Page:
Buyer demand continues to heavily outweigh supply

Buyer demand in the new build market is high, reflected by the latest figures, which show that new homes reservations are up 7% in the first quarter of the year compared with the same period in 2021, and 41% up on pre-pandemic reservations in Q1 2019.

New research from Savills suggests that limited choice across the housing market, especially for larger second-hand properties, has prompted many buyers to consider new build for the first time.

However, the combination of limited construction materials and slow planning decisions means supply of new homes is declining.

Savills finds completions have been declining for the past three consecutive quarters, with only 238,500 new homes being built in the year to Q1 2022 – a 7% drop on the peak of 255,000 at the same time in 2020.

George Cardale, head of residential development sales at Savills, commented: “Bricks, cement and roofing products have all become increasingly difficult for housebuilders to source, as well as being more expensive to produce, due to the rising cost of energy.  Not only is it increasingly costly for developers to build, but a fall in the number of consents granted since the peak of 2019 is creating intense competition for sites to build on.

“Meanwhile, across the UK, we are seeing an imbalance of buyer demand and the availability of new homes. There are people ready and waiting that are keen to move into their next home but stock continues to be an issue.”

The fact that new build stock is typically more energy efficient than second-hand stock is another reason why buyer demand is growing.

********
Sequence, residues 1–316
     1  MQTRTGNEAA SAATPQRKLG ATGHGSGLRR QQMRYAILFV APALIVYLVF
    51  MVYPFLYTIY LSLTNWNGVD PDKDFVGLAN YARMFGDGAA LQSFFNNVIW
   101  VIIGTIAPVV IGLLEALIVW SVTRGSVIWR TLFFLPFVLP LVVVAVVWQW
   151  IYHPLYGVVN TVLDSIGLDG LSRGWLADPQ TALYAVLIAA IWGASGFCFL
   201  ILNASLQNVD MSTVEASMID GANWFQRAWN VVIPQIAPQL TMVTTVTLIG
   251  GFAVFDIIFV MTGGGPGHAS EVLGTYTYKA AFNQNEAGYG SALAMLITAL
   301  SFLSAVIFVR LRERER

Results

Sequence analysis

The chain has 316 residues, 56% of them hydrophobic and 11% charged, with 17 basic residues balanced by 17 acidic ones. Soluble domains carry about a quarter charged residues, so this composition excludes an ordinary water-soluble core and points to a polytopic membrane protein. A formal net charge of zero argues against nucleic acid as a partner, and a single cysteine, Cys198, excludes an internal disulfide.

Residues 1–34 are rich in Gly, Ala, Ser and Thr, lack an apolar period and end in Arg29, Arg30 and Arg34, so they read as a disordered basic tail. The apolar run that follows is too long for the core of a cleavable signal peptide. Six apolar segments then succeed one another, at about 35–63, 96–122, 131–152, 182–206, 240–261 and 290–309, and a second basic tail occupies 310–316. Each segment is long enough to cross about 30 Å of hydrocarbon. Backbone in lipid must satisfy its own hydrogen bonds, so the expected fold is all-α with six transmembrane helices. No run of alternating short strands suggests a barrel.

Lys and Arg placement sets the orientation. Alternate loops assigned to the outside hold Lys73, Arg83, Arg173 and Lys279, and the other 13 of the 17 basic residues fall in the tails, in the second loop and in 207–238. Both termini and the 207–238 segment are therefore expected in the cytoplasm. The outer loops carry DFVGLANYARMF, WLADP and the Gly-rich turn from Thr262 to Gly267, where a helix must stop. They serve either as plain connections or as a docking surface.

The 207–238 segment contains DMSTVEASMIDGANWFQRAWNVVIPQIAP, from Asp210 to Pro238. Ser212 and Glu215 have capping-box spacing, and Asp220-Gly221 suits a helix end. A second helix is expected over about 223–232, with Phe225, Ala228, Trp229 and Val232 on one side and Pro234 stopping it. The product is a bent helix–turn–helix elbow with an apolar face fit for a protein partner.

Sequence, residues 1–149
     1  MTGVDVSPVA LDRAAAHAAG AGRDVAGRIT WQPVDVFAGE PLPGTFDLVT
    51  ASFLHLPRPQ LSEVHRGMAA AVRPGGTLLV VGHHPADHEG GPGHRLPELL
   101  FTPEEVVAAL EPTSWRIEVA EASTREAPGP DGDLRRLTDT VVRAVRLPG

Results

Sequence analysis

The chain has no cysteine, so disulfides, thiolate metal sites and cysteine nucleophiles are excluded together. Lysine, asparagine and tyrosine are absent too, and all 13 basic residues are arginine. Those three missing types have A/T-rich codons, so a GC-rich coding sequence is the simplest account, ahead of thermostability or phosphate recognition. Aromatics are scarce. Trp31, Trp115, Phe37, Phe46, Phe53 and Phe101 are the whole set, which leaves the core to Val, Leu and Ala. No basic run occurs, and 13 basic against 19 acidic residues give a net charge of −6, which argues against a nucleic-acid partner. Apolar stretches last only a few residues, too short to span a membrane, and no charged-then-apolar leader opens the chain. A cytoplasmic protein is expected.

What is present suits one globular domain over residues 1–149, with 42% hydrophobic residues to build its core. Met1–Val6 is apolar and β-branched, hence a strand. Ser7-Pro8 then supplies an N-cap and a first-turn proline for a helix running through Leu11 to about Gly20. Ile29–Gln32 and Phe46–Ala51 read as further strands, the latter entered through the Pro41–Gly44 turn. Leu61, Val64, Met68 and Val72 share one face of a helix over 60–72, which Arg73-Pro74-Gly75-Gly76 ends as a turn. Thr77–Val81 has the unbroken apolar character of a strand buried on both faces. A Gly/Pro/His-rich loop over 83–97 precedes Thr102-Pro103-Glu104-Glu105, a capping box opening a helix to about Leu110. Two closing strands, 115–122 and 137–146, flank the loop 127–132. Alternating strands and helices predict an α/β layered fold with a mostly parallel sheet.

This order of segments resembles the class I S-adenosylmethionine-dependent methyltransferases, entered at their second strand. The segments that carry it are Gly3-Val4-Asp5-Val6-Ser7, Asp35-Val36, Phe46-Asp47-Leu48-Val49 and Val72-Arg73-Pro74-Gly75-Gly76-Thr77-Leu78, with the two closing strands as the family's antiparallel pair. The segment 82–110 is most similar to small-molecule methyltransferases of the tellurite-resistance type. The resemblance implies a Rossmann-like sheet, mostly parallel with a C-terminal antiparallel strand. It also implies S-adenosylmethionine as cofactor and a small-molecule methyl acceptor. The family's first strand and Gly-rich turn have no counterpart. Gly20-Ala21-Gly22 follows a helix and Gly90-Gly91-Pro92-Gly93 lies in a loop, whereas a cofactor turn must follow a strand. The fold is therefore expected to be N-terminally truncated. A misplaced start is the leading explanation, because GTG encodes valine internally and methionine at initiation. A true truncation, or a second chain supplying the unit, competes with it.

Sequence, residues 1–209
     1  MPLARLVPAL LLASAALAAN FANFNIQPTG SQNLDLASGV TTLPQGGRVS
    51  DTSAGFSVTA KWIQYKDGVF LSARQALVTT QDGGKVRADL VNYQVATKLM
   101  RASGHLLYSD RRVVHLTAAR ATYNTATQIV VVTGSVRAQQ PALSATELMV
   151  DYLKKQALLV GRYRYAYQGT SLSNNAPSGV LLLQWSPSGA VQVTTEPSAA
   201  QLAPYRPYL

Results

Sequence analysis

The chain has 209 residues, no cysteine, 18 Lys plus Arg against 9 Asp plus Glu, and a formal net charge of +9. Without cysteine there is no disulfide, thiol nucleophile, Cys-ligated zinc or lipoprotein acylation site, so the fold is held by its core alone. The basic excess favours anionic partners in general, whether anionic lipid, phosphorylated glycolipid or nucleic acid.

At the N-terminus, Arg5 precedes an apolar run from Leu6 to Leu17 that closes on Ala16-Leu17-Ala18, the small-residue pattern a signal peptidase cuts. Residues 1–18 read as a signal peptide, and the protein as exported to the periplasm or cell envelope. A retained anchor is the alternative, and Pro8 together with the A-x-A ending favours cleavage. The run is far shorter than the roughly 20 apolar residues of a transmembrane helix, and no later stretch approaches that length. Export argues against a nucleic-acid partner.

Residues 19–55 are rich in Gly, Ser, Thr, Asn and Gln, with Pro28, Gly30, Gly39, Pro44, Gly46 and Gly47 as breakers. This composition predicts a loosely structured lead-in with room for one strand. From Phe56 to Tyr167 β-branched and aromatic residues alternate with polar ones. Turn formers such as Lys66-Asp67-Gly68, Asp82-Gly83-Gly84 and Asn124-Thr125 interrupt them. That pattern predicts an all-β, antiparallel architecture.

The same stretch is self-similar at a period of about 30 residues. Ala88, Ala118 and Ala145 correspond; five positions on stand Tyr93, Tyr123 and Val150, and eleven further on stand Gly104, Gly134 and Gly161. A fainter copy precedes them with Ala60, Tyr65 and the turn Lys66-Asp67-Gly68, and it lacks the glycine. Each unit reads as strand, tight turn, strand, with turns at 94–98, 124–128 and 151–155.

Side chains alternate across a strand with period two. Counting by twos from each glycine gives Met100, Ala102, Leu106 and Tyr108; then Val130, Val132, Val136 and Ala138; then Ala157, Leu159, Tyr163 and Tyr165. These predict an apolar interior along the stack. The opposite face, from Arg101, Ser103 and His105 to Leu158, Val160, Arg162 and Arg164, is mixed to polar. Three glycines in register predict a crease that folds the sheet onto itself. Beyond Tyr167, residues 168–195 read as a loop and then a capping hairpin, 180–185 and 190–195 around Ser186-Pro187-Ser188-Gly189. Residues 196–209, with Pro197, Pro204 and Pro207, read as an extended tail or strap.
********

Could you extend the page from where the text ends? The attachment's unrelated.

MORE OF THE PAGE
As a result of the cost of living crisis buyers are becoming increasingly conscious of the cost of running their homes, with 68% of respondents to Savills’ most recent buyer survey stating that EPC rating were important when deciding to buy a home. One third of respondents said they placed more importance on EPC ratings now than they did a year ago.

Between 2018 – 2020, the majority of new builds transacted achieved a grade B on their EPCs, compared to a ‘D’ for a second-hand detached, semi-detached or terraced property and ‘C’ for a flat.

Savills looked at energy bill savings for the same property type and found that those buying new build houses would be looking at potential bill savings of over 50% when compared with second hand homes (table below).

Projected annual ‘core’ energy bills of new build vs second hand by the end of 2022

New Build

Second Hand

Property Type

Most common EPC rating transacted

Projected ‘core’ energy costs per year*

Most common EPC rating transacted

Projected ‘core’ energy costs per year*

Projected savings in energy costs per year by purchasing new build

% saving





























**Combined estimated cost of lighting, heating and hot water from EPCs on homes transacted between 2018-20, inflated by projected rises in energy bills

Source:Savills research using EPCs and HM Land Registry

In November 2021, the government announced that every new home with on-site parking is to have an electric vehicle charging point, this will increase the number of charging points by 145,000 each year.

Sophie Tonge, research analyst at Savills, said: “Developers who make the extra effort to go beyond the minimum requirements are likely to better future-proof their developments and entice a larger pool of buyers who are increasingly motivated by cleaner and cheaper ways of living.”


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